At the October 2023 ACLS Research University Consortium meeting, Jeffrey Cohen, Sara Guyer, and Rebecca L. Walkowitz participated on a panel about how to strengthen the position of humanities faculty. In answer to the question, Where are you in the process of working with faculty and departments to strengthen the humanities, all three panelists shared some insights into how they were approaching this essential work. 

Rebecca L. Walkowitz, Dean of Humanities at Rutgers University-New Brunswick

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Rebecca Walkowitz

Rebecca L. Walkowitz, Dean of Humanities at Rutgers University-New Brunswick, spoke about the importance of building trust and letting departments lead change efforts. Much of her recent work has focused on supporting language departments. At Rutgers, traditional metrics such as the number of majors don’t capture what’s happening: many students take 1-2 years of language classes, language minors are expanding, and classes directed at nonmajors are growing as well. But these numbers don’t always translate into majors. In the case of small majors such as languages, Walkowitz argued, we need other ways to measure their value. In coordination with faculty and students, she did several things:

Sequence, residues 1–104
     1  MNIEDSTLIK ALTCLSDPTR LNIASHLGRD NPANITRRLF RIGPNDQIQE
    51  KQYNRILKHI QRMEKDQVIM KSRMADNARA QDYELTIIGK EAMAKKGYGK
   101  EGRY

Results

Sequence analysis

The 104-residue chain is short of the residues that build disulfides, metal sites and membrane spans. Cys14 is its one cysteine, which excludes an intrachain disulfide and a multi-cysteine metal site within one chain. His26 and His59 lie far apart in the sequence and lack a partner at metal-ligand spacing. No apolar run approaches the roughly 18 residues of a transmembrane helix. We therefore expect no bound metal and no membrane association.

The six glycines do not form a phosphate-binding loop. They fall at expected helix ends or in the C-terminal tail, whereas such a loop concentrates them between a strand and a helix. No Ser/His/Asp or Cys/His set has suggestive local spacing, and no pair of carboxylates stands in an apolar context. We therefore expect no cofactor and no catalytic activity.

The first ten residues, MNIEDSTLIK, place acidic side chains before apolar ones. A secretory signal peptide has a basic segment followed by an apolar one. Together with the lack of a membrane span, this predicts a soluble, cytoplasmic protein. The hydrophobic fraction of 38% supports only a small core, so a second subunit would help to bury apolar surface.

• She invited language departments to show each other the structure of their majors and to consider whether the first year of language study might count toward the major (a practice in some but not all departments).
  • The School of Arts and Sciences launched a university-wide campaign created by the Division of Humanities, the Year of Languages initiative (2022-23), which came out of discussions among humanities chairs and faculty about how to highlight multilingualism on campus. (A 2020 survey showed that 68 percent of students identify as heritage language speakers.) The year featured a range of co-curricular programming, outreach, events in the visual and performing arts, and food and culture festivals. Walkowitz issued a “Why Do I Learn Languages?” challenge to students: a short essay challenge in the fall and a video challenge in the spring. The results (which were “amazing”) were used in communications and on different websites across campus.
  • Walkowitz wrote publicly about the value of languages and in particular, language research for The Chronicle of Higher Education, which she sees as something she is well equipped to do: explain the nature and the value of humanities research to upper administrators and higher education’s multiple publics.

Sara Guyer, Dean of Arts and Humanities at the University of California, Berkeley

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Sara Guyer